Please note that the github repos contain a lot more information for the backend services than what I described here. Check out the README files in there for setup, dev, and deploy stepsHardware
The hardware might actually be the easy part of this project. ;) You'll need to purchase all the hardware components and allow for any issues or availability of the parts. You will also need to 3D print the enclosures in the attachment section. The 3D printed parts are designed to snap together but your milage may vary here, depending on the printer you use and how accurate it is.
Once you have the 3D printed parts you can wire and install all the components. Note that custom cut-outs in the base are for the Sparkfun QR code scanner, and the Adafruit funky triangular sci-fi button.Firmware
For the firmware you'll need to clone my fork of the Spresense SDK and then follow the commands in the README for the lte_http_post project (I will be renaming this soon). This should allow you to configure and build the Nuttx package you'll flash over to the device. Also, note you'll need to make sure you configure the APN in the project config settings (graphical menu). Also, Also,... if you're on TruPhone you should follow this post to make sure your SIM card is activated.Middleware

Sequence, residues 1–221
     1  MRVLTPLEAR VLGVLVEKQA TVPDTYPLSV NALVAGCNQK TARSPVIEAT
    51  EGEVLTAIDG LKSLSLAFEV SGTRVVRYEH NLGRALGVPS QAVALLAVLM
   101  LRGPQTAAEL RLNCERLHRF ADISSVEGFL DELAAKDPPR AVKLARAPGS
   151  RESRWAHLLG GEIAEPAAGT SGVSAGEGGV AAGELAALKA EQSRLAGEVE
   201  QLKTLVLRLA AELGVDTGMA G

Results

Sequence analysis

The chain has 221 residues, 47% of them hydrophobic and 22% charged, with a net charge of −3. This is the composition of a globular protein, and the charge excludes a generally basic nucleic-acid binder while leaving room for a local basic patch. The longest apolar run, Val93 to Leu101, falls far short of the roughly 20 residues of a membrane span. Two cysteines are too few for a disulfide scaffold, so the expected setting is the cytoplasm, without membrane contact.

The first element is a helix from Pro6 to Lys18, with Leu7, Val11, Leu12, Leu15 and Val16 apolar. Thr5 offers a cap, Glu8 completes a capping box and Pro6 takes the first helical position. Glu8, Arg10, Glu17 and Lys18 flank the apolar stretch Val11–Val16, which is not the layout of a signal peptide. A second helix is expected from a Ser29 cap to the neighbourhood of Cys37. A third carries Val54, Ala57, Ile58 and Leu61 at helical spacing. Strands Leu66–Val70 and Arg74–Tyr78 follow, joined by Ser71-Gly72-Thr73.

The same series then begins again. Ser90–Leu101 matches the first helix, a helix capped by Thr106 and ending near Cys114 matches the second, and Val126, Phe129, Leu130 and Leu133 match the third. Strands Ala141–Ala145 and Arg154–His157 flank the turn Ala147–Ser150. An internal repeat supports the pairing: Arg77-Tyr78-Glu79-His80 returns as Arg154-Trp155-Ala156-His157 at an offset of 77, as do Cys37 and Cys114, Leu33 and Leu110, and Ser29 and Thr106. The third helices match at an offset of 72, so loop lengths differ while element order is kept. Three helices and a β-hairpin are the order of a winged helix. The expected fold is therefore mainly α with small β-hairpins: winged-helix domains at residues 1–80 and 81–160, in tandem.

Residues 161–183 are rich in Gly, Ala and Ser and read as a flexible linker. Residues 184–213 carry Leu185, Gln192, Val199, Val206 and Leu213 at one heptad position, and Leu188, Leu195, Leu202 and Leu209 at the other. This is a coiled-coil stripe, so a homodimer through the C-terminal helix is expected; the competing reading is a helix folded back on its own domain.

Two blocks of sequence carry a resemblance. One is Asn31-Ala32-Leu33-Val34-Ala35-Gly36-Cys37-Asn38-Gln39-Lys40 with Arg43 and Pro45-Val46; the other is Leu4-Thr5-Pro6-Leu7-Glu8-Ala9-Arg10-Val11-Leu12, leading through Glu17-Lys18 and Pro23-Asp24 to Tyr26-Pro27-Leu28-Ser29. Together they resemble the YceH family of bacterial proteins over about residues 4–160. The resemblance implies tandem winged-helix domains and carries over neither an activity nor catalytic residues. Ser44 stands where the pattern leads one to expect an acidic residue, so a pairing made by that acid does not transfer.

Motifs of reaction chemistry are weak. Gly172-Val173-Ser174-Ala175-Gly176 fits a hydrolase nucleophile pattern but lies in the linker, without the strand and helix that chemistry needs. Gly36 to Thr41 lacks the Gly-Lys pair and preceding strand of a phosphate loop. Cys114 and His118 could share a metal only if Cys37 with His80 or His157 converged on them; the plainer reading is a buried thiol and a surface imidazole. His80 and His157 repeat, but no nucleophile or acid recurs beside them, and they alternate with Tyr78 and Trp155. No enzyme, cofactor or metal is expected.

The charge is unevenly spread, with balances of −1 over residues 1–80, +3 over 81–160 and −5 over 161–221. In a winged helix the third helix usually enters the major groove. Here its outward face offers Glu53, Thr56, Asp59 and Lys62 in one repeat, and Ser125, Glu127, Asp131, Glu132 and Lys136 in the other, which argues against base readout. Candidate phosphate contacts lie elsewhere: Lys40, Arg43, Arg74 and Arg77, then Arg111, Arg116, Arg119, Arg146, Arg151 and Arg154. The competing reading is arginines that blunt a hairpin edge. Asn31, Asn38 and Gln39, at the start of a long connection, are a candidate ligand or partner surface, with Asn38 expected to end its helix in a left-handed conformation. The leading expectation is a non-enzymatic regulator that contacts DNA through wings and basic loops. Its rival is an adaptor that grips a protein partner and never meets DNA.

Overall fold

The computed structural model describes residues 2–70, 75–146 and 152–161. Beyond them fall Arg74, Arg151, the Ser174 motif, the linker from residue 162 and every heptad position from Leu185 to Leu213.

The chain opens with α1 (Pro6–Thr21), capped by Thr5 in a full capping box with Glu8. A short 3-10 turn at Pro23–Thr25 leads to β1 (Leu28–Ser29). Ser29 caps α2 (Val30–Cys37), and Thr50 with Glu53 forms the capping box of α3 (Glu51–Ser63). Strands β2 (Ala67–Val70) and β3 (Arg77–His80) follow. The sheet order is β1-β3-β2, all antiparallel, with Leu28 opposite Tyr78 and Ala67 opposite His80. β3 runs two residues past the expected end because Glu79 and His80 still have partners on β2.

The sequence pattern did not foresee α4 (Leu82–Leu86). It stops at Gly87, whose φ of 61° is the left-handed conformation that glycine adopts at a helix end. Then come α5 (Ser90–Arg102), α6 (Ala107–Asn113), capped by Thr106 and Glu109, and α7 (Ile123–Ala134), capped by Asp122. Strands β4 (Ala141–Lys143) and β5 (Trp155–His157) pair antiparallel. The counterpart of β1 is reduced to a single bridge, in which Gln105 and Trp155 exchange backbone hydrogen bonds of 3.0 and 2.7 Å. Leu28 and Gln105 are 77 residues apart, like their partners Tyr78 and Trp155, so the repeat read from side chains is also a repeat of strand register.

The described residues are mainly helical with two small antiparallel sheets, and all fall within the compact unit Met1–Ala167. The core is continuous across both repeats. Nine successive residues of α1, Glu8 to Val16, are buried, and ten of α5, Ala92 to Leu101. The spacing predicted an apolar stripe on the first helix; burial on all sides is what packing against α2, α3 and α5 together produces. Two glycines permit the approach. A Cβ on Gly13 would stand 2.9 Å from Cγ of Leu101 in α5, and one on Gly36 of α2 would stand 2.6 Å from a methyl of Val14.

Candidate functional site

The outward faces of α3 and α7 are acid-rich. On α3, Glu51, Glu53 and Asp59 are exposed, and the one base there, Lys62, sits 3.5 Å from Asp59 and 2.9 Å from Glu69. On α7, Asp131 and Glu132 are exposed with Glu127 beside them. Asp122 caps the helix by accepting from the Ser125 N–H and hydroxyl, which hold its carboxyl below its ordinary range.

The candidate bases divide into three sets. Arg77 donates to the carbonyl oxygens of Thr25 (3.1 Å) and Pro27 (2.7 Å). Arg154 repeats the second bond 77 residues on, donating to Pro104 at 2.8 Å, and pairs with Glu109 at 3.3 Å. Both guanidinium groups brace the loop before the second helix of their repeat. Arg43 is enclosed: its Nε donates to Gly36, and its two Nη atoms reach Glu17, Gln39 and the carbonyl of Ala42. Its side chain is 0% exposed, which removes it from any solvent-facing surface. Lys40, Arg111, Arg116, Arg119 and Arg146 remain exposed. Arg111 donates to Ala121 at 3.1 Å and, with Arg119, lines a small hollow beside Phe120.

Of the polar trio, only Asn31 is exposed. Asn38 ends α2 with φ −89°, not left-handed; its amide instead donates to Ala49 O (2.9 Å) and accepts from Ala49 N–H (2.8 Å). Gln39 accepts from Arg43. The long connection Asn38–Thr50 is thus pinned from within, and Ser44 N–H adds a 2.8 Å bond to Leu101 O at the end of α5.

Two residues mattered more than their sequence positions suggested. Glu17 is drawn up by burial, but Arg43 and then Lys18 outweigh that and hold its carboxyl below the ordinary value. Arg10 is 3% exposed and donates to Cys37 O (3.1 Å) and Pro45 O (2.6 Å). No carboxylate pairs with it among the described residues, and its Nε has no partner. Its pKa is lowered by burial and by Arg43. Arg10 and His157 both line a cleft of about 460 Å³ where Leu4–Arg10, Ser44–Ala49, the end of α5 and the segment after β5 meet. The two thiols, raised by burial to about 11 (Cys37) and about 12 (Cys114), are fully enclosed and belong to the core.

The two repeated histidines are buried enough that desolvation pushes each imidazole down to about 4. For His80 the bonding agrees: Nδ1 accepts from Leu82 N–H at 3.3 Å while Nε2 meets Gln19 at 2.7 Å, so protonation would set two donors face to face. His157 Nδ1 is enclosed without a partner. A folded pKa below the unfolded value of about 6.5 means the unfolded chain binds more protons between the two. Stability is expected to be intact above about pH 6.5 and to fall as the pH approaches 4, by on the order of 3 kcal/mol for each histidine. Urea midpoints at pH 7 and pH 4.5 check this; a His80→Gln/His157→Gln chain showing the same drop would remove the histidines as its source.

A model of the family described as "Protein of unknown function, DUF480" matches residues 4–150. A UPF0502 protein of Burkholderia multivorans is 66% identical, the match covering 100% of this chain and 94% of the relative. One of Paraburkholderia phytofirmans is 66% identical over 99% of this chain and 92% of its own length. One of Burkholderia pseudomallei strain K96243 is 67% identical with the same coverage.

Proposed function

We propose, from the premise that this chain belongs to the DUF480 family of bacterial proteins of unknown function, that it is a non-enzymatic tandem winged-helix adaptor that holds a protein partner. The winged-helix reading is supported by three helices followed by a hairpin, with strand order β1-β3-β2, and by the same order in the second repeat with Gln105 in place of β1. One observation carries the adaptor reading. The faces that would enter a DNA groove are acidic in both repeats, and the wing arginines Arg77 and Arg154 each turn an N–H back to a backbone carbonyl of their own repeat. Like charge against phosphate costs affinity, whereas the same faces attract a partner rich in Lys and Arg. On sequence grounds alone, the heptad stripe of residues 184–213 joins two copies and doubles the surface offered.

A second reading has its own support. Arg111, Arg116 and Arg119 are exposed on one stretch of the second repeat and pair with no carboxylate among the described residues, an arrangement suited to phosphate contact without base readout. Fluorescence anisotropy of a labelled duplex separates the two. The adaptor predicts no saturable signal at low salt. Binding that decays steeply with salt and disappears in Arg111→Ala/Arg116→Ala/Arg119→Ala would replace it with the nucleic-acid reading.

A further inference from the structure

Look in the mono repo for the validator-service-api folder. This is where the web service API code lives. Instructions are in the README for installation. For the least friction I suggest you deploy to CloudFlare as a worker using their Wrangler package. But the code is pretty straight forward so you can deploy anywhere you like that supports NodeJS.Blockchain